Treatment of an Excise Officer
Burning of the home of Benjamin Wells, excise collector during the Whiskey Insurrection
by J. Howard Iams
The following is taken from The Whiskey Rebellion by Thomas P. Slaughter, 1986, by Oxford University Press:
People sometimes act out their ideologies and perceived self-interests with their feet or their fists, or both. Such was the case in April 1786 when word got around western Pennsylvania that a state excise Officer named William Graham had dared to appear in Washington County. Locals had heard that the excise man was asserting his authority to collect taxes on distilled beverages in the three southwestern counties Of the state, and they meant to teach him a lesson. During the night a man disguised as Beelzebub confronted Graham in his lodgings and announced that the tax man was to be handed over "for torment to a legion of devils . . . waiting outside." Somehow Graham escaped his nocturnal visitors, but the next day he was again confronted by a black-faced crowd that wanted to see him damned, at least figuratively, and perhaps literally. The mob approached the tax man in what he rightly interpreted as a menacing manner. Graham drew his pistols in self-defense, but wisely refrained from firing. Although he might have injured or killed several of the frontiersman, the collector would certainly have seated his own fate as well.
Members of the mob seized Graham's pistols and broke them into pieces before his astonished eyes. Others grabbed his official papers and shared in the joy of tearing the documents to shreds. Then they ordered the excise man to stomp the scraps of paper and the dismantled weapons into the muddy road. To the crowd's amusement, he complied. Next they told Graham to curse himself. He did. They demanded that Graham curse his commission of office and the politicians who gave it to him. Again the tax collector obeyed the frontier mob.
The crowd still was not content that the tax man, the excise, and state authority had met with sufficient humiliation. So, they cut the hair off one side of Graham's head. They braided the other half in an unsightly and mocking manner, cut a hole in the cock of his hat, and fixed it sideways on his head with the pig-tail protruding from the hole. Then the mob exposed Graham to what were perhaps lewd "marks of ignominy." He submitted to all of this passively, probably hoping to survive with the least possible violence to his person, property, and pride.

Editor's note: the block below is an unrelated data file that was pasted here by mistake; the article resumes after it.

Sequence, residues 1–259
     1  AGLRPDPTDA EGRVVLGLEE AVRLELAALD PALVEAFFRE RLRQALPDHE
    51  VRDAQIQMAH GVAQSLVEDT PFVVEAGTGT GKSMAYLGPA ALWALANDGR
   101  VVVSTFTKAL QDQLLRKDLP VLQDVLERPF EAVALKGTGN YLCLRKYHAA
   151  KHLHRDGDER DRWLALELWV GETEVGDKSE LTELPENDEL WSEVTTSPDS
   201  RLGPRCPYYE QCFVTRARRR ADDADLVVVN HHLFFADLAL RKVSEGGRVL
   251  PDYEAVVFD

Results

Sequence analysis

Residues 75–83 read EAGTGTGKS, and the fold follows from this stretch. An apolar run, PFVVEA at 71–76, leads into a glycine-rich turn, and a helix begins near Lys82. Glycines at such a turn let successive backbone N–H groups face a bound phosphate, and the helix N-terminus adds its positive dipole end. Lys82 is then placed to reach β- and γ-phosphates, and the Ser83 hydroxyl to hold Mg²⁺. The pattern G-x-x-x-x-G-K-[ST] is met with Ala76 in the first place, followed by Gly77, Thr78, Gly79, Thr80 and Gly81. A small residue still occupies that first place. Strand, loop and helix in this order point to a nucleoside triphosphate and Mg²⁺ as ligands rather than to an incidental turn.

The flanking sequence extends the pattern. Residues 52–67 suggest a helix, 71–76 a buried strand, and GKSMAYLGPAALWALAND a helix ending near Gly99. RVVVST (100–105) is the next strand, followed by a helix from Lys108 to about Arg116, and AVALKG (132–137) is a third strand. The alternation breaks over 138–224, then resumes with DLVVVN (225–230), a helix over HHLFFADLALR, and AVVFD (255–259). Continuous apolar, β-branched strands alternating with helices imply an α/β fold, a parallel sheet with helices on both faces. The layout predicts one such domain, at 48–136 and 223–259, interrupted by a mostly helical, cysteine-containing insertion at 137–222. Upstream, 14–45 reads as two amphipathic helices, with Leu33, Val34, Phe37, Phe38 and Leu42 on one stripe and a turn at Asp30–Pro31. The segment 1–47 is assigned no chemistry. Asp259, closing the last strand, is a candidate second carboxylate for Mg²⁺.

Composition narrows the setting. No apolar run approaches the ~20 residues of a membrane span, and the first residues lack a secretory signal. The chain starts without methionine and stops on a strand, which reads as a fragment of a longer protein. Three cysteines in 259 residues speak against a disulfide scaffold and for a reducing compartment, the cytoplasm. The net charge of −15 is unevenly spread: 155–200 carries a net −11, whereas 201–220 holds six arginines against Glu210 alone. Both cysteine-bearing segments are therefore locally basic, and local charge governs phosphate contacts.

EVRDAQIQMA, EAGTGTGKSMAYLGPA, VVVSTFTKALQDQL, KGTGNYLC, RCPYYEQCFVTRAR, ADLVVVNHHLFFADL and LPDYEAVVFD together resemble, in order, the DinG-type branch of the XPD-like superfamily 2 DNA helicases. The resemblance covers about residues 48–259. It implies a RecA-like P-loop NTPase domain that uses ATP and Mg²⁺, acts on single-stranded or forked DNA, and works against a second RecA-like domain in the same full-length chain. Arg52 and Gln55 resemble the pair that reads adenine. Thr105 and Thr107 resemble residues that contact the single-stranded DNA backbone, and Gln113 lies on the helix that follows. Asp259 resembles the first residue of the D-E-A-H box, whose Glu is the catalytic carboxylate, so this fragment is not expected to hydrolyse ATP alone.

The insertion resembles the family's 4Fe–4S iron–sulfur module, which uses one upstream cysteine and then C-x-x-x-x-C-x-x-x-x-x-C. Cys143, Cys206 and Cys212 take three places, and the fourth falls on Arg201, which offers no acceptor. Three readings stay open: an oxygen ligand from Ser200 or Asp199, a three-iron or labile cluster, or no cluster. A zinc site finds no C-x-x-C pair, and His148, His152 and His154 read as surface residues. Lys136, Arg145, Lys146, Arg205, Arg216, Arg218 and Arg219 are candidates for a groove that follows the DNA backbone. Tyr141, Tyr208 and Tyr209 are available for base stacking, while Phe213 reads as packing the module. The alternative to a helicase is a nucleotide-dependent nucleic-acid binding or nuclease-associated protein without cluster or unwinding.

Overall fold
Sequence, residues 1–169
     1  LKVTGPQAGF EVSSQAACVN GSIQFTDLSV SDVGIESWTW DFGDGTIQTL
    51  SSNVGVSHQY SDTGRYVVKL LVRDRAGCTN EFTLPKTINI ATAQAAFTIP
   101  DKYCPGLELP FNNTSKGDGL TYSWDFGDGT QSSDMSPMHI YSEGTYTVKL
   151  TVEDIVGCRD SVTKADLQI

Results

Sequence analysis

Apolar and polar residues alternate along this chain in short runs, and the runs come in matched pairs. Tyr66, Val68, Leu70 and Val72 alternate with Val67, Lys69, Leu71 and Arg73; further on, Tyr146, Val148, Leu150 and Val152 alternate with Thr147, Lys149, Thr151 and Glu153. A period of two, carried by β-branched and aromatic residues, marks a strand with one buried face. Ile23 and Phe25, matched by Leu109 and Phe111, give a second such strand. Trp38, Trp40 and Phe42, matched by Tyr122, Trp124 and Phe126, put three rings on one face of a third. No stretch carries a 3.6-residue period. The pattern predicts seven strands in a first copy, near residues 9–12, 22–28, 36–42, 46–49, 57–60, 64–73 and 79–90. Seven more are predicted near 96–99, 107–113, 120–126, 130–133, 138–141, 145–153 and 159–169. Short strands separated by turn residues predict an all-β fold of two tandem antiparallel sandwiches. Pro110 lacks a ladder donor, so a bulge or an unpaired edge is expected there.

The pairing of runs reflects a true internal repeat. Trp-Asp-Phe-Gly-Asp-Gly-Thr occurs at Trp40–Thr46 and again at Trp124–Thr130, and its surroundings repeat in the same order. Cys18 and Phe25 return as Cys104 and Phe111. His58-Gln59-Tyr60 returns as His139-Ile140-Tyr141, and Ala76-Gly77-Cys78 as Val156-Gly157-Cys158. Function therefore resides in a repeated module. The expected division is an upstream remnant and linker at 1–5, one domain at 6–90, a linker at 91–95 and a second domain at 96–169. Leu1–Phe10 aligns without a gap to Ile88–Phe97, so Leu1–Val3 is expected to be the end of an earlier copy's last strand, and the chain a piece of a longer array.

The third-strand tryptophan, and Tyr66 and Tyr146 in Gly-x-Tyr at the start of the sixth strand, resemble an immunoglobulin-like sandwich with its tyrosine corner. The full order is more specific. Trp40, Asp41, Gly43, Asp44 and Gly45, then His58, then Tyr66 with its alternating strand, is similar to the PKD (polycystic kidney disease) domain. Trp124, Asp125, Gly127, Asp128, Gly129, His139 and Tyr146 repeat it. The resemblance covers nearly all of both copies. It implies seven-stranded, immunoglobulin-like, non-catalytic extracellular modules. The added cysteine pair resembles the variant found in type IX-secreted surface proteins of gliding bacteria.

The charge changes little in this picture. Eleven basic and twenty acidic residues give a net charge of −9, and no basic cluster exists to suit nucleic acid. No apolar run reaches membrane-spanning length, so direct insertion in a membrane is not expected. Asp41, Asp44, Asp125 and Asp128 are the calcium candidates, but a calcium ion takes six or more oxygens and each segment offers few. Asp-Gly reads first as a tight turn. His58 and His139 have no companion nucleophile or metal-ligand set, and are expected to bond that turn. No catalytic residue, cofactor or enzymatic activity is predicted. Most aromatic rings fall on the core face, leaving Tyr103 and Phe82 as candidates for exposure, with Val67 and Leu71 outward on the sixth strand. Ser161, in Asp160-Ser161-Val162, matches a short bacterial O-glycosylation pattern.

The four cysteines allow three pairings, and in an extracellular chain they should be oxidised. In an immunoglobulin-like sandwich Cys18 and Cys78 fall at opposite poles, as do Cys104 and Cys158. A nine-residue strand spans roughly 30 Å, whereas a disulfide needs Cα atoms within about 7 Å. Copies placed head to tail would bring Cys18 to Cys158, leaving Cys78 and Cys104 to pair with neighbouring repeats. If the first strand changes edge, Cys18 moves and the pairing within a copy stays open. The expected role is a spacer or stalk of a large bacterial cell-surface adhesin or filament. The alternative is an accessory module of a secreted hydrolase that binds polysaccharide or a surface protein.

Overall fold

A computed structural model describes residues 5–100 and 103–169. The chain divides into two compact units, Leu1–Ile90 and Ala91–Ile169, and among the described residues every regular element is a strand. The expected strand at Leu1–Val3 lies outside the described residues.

Unfortunately for the tax collector, communal sport with him as victim was not yet over. Indeed, the mob also dressed his horse "in such a manner as to disfigure" it, and then paraded Graham back and forth across the three frontier counties in which he was supposed to collect the excise. Celebrants gaily but purposefully forced Graham to trudge through the mud to stills he had intended to visit in his official capacity, halting at each for a raucous ceremony and a "treat" of alcohol. At each stop they insulted Graham further and forced him to participate in the festivities. Now whiskey distillers in the region were accomplices to the crowd action. There could be few witnesses other than Graham against his tormentors, and the communal commitment to "liberty and no excise," reaffirmed at every stop, was reinforced by the drunken good time shared by all. Not surprisingly, then, names of participants never emerged from the wilderness. Perpetrators of what an unsympathetic chronicler of the event termed the "most audacious and accomplished piece of outrageous and unprovoked insult that was ever offered to a government" were never prosecuted.
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